The two most common nesting hummingbirds in New Mexico are the Black-chinned and Broad-tailed. Both are present in the state, although the Black-chinned is often found at lower elevations, in riparian woodlands. In high quality habitat along rivers, black-chins might be found every 100 meters (33 feet), and this birder can tell you from personal experience that it happens. In the Middle Rio Grande bosque, the Black-chinned Hummingbird is the most common nesting bird, and it’s all-out war as males battle over the rights to sire offspring. Did you know that you actually can distinguish the different hummingbirds by calls?
Surveys here produce not single entries, but 2-3 birds at a time, often locked in combat or issuing battle cries of tiny warriors as they zoom past your head at warp speed.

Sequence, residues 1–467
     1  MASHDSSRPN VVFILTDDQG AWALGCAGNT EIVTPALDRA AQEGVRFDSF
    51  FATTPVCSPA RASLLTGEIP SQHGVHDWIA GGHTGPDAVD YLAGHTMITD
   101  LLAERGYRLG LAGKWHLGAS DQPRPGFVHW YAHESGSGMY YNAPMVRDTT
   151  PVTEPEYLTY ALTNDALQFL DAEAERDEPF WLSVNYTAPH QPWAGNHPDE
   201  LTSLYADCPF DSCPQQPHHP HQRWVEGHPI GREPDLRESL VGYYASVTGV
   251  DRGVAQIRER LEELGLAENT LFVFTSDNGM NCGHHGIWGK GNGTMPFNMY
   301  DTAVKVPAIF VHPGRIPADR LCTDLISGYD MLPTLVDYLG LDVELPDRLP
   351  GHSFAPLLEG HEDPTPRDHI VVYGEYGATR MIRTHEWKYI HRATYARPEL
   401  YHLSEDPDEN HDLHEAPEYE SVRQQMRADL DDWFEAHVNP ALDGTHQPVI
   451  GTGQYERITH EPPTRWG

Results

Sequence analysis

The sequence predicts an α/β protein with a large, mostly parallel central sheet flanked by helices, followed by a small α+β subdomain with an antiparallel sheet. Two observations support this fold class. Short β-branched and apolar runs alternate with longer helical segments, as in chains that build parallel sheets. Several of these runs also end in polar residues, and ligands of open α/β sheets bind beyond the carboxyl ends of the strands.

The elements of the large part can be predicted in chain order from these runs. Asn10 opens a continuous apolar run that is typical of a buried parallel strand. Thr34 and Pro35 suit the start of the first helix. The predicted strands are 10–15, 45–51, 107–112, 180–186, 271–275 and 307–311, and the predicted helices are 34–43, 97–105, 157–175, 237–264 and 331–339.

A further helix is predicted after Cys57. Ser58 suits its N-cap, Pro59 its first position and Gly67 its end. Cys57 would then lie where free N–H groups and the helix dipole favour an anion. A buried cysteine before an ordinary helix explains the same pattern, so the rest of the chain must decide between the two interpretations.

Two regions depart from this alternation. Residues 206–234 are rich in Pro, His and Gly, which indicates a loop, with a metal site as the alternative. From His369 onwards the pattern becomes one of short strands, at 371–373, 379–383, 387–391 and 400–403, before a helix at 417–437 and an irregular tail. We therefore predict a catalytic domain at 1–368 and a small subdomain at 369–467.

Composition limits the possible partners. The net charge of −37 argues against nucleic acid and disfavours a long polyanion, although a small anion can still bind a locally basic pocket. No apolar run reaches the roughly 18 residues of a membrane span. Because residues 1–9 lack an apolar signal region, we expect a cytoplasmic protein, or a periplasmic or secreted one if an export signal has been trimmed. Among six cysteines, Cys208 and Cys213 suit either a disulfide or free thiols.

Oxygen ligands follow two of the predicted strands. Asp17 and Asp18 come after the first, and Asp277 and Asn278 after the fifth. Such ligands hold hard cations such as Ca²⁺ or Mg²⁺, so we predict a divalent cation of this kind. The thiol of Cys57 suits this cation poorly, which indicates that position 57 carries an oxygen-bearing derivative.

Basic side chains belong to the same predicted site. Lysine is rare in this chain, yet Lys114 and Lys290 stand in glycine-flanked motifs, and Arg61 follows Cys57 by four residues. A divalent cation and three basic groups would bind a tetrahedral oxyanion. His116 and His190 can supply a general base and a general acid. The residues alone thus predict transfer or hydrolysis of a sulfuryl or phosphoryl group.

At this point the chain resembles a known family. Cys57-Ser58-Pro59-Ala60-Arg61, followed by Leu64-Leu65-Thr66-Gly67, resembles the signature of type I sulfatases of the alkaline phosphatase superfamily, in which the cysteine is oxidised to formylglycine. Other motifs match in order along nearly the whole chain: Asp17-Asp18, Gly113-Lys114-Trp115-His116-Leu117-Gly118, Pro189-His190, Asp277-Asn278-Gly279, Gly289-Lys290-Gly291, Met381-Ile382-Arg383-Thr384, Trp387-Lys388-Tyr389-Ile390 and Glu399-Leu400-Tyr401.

Hummingbirds have many unique and interesting adaptations too, all necessary for survival. A hummingbird tongue has 2 grooves. Nectar moves through these grooves via capillary actions and the bird squeezes nectar into its mouth when it retracts its tongue. It drinks by extending its the tongue through a nearly closed bill at a rate of about 13-17 licks per second and consumes an average of 1/5 fluid ounce in a single meal. In cold weather, a hummingbird might eat 3 times its weight in food a day, a whopping ½ ounce for a bird that weights 1/10 - 1/5 ounce! However, natural nectar and sugar water alone are not adequate sustenance. Insects comprise a large portion of their diet, and the young are fed insects almost exclusively. Just watch hummies hovering above a slow moving stream. They are hawking insects, the no-see-ums that are a plague on all outdoor-loving people.